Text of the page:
By Paul Bawden
In the midst of the Coronavirus crisis, we are in the Good Friday Easter season.
So what does that have to do with what is happening in our country and the world, as all of us are affected in different ways, some suffering from the virus, and others have lost loved ones due to the virus? Thankfully many are getting better. We need to keep praying that the virus will end soon.
May I suggest that the Good Friday Easter season reminds us that in the midst of this tragedy, and in any tragedy, there is eternal hope, because the biblical God understands and has done something for us that can change our lives eternally. What do I mean by that?
First of all, God understands suffering. Really? Yes, really. Jesus Christ’s unbearable and indescribable treatment before His crucifixion, and now His hanging on the cross was the worst way to die. One writer (Dr. C.T. Davis) describes it this way,
“Hours of limitless pain, cycles of twisting, joint-rending cramps, intermittent partial asphyxiation, searing pain as tissue is torn from His lacerated back as He moves up and down against the rough timber.
“Then another agony begins, a deep crushing pain deep in the chest as the pericardium slowly fills with serum and begins to compress the heart. It’s now almost over – the loss of tissue fluids has reached a critical level – the compressed heart is struggling to pump heavy, thick, sluggish blood into the tissues – the tortured lungs are making a frantic effort to gasp in the gulps of air. The markedly dehydrated tissues send their flood of stimuli to the brain.” Jesus gasps, “I thirst.”
“At this moment,” the writer continues, “Jesus could feel the chill of death creeping through His body. He cried, “It is finished.” And finally His last cry, “Father, into your hands I commit my Spirit.”
If you deny God doesn’t know anything about suffering, you need to take another look at what Jesus Christ, God’s Son – the God-man – suffered on Calvary’s cruel cross. Is it nothing to all you who pass by?
Since Jesus Christ suffered more than we will ever suffer, He can identify with us in whatever we are experiencing in life. He is touched with the feelings of our weaknesses (Hebrews 4:14-16). He aches when we ache. He feels our sickness and our crisis. He feels our heartbreak in tragedy and loss.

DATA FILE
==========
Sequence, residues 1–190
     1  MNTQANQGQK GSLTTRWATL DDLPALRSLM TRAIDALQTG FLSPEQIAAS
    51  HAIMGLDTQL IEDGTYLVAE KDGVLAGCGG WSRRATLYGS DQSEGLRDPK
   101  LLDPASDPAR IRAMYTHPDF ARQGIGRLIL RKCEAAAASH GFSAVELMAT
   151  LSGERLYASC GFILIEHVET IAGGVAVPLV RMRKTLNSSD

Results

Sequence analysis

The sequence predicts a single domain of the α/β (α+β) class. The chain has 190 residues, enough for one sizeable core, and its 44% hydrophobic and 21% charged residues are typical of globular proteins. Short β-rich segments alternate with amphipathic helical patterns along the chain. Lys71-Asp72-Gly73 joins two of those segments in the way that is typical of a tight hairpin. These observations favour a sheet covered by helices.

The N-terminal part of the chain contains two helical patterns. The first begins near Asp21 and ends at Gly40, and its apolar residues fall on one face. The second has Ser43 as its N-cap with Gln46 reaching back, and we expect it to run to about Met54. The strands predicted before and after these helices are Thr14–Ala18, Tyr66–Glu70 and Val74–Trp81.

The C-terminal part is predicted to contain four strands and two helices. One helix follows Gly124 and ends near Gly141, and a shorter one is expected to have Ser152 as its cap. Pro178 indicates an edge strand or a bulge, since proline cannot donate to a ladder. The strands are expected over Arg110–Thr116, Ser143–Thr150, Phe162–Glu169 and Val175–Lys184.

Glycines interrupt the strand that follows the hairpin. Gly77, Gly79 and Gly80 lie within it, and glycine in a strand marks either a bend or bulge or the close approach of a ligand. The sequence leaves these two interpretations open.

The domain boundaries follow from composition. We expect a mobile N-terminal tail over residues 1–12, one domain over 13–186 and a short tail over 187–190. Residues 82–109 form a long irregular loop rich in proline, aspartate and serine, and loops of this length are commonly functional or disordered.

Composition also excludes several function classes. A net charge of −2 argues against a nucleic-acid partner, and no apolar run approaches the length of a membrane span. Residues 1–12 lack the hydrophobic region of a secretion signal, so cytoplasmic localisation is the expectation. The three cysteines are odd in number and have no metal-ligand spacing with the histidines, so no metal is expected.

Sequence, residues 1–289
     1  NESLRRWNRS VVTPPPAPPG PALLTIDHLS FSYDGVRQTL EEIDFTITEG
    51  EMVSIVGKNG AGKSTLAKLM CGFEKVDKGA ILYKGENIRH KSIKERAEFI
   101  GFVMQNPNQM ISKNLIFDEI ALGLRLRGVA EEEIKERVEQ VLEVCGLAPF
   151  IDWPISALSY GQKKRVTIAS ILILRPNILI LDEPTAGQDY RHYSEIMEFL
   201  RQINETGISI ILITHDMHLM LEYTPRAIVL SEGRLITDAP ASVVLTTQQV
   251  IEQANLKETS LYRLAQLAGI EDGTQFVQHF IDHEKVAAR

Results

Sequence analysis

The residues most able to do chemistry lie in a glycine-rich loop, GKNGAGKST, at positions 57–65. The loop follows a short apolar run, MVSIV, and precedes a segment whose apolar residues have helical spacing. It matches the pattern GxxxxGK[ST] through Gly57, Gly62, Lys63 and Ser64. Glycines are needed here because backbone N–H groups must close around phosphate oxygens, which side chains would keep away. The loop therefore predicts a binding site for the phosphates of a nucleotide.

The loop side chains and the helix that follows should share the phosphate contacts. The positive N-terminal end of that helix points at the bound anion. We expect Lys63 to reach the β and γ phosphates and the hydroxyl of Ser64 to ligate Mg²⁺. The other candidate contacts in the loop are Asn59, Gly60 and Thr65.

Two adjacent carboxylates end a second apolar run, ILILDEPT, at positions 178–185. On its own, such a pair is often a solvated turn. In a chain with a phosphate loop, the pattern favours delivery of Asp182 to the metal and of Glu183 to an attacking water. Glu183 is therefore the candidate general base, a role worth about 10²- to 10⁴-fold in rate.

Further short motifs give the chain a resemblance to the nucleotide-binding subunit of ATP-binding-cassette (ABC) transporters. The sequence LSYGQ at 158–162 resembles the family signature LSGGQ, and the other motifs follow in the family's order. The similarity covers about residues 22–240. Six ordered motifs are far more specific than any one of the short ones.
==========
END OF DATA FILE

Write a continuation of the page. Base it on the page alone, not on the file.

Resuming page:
Secondly, Christ not only can identify with us in our suffering, because of His dying on the cross, but also, He did for us in His death, what we can never do for ourselves, provide us His forgiveness and eternal life – yes, His eternal hope – which all of us desperately need. For His words, “It is finished,” tell us that He has paid in full our price for breaking God’s law, which is death (Romans 6:23). But rising from the grave bodily, Christ has demonstrated in time and eternity that eternal hope is available to anyone who will accept Him as personal Savior (John 3:16; I John 5:11-12).
Sure, one can deny the bodily resurrection of Christ, as many do today, meaning there is no eternal hope for anyone. This life is it. But the eyewitnesses give us undeniable evidence that Jesus Christ rose from the grave bodily. That’s why biblical Christianity spread in that day and is alive and well today.
Which means thirdly, you and I have a choice to make. Either to reject Jesus Christ, or to accept Jesus Christ as personal Savior and receive His forgiveness and eternal life – His eternal hope right now – with His promise that He is with us in our suffering and challenges, while providing us lasting meaning in what we do here, in addition to having His promise of being with Him in eternity forever after this life. That is eternal hope in one’s crisis!! That is what Good Friday and Easter are all about. Don’t miss it!
Paul Bawden is married and served in the pastoral ministry for 45 years, retiring in 2011. He graduated from the University of Wisconsin-Madison with a B.A. in Speech and attended Dallas Theological Seminary, receiving a Master of Theology. He has taken counseling courses at Trinity Evangelical Seminary in Deerfield, Illinois. Paul is a lifetime member of the Evangelical Free Church of America, as well as being a member of Interim Pastor Ministries (IPM), which serves churches during their time of transition in searching for a new pastor. He writes for Union Gospel Press, as well as being a volunteer writer for GotQuestions.org. Paul likes to write, read, bike, and work in the yard. The Bawdens have had the privilege to travel to Mexico and Romania on mission trips and visited various countries in Europe.
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